Column: Ringing in the next revolution

Jun 04 2014, 04:57 IST
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SummaryTweaking policy on many issues—from spectrum allocation to auction—could usher in the data-led revolution

As the dust settled on the fatigue inducing election for the 16th Lok Sabha and psephologists arrived at a reflective analysis of voting behaviour, the initial diagnosis was that the UPA paid a heavy price for overlooking the aspirations of India’s youth, whose affinity to telecommunications and the internet was cleverly exploited by the BJP campaign. Twitter and Facebook captured the imagination of the party and young voters alike—Narendra Modi’s official Facebook page has about 15 million ‘likes’. It also records the fastest-growing number of ‘likes’ for anyone in the world, while 4.1 million people follow him on Twitter. Now, the new government must show urgency to reform the very sector that arguably played a significant and influential role in the electoral outcome.

The Indian telecom sector has been in stasis since 2008 while, in the decade before that, it was the darling of most stakeholders. India’s subscriber base grew at breakneck speed, adding 20 million per month at its peak during 2007-08. The institutional and regulatory apparatus was held as an example for other infrastructure sectors to emulate and broadband, although paltry in reach and density, was viewed as a solution to dismal public service delivery, especially in the service-deficit rural areas.

All this changed beginning 2008. The causes relate to the well-documented 2G scam and need not detain us here. Suffice it to say that the opprobrium that followed left a scar on the sector and showed up in slowing revenues, delayed decisions, excessive litigation and wearing investor confidence. Institutional credibility too took a beating. Growth dropped to near-zero in FY10, FDI took a hit and the 1800 and 800 MHz band auctions were delayed by two years to 2014.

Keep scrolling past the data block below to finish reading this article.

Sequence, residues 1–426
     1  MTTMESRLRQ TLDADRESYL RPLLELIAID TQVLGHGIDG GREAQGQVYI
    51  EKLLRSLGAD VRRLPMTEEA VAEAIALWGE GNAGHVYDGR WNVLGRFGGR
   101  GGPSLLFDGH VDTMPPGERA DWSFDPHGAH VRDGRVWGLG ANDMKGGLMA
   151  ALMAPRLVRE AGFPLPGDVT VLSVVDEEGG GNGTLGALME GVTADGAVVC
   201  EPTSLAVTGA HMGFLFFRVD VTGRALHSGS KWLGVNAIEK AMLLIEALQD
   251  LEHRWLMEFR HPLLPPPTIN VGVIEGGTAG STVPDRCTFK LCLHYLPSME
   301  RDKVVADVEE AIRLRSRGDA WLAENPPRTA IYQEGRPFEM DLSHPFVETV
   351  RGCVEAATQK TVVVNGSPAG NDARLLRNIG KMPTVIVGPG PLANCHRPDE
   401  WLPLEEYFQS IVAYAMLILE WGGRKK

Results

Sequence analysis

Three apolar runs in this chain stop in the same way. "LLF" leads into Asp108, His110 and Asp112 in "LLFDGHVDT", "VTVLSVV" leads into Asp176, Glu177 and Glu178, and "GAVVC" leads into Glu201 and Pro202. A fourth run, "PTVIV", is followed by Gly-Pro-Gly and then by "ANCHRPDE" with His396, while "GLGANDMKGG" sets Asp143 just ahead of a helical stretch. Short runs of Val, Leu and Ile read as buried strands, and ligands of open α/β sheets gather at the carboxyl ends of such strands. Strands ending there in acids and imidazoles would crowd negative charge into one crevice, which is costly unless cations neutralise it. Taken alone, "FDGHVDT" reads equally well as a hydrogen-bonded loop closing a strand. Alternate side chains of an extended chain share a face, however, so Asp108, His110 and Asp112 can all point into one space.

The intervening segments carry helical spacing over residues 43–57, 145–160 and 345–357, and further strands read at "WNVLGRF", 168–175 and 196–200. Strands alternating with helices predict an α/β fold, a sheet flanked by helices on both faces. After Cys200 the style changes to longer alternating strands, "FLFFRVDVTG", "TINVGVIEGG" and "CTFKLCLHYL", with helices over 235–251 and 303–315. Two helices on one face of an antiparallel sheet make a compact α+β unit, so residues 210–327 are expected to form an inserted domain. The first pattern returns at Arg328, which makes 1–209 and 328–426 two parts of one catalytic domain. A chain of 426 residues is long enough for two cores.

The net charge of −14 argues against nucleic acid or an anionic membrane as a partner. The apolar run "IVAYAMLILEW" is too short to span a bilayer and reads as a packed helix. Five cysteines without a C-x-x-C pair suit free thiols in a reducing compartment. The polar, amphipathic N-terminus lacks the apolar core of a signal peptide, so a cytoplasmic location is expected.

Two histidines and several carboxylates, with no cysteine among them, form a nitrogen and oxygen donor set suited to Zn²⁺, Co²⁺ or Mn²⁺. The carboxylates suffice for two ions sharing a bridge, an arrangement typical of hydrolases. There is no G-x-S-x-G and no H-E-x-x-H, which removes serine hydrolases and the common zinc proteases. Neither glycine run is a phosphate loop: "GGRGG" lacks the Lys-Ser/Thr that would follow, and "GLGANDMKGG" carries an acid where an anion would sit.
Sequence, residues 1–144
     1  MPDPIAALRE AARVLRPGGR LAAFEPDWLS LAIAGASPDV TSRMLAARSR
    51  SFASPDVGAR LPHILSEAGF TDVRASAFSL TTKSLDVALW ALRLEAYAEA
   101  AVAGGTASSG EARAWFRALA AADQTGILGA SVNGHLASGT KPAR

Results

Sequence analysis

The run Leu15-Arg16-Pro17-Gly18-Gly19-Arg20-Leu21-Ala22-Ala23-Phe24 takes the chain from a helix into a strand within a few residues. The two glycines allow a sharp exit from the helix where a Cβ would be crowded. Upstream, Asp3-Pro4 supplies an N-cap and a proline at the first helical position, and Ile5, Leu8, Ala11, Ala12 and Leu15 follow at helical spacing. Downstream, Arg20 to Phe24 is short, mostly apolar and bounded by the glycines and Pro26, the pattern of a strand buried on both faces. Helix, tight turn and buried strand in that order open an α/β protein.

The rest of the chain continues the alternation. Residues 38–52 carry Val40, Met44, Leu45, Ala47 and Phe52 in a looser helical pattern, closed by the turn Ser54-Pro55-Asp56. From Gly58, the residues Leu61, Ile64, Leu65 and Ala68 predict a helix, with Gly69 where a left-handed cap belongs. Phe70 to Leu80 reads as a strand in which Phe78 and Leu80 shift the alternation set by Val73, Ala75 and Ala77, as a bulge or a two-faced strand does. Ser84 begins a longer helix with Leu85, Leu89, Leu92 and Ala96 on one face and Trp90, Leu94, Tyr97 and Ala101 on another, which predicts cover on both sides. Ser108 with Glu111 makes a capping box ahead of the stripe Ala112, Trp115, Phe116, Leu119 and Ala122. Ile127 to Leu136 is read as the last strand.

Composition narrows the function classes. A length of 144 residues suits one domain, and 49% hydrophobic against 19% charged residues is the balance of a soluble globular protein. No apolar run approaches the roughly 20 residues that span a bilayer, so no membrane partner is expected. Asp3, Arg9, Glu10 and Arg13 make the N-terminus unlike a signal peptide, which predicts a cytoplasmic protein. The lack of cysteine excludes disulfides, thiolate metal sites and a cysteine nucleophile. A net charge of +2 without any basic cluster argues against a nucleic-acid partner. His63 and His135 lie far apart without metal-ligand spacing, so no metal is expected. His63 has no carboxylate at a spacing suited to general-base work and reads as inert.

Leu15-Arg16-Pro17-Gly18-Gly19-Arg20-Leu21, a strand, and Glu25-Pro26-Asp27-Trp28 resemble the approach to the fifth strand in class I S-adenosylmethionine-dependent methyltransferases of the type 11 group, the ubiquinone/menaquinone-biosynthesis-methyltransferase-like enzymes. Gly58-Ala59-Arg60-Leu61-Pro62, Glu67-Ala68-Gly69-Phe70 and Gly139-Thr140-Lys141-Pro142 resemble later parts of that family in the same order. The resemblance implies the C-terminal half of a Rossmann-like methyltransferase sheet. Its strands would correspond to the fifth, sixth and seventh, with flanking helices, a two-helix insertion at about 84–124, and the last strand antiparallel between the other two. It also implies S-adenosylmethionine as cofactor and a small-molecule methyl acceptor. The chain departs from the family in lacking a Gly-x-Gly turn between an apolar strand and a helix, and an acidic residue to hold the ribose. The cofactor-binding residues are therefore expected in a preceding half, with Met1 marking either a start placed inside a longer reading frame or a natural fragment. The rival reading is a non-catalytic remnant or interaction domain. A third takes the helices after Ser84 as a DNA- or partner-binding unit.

The inevitable stagnation has meant little progress in connecting rural India, where teledensity is just 43% and an appallingly low rate of broadband (defined loosely as a download speed of 512 kbps or greater) penetration—at 5%—exists. Other emerging market economies, in the meantime, have soared. Russia, Brazil, China and South Africa have broadband penetration rates of 67%, 46%, 30% and 27% respectively.

It is one thing to use telecom infrastructure for one-way communication in an election campaign and quite another to put the critical infrastructure to work for economic development and competitiveness. The potential, however, is immense, even at current levels. Telecom contributes $52 billion (roughly 3% of GDP) and provides productive employment to 2.8 million Indians, besides generating growth and productivity impacts. 

The second telecom revolution (aka

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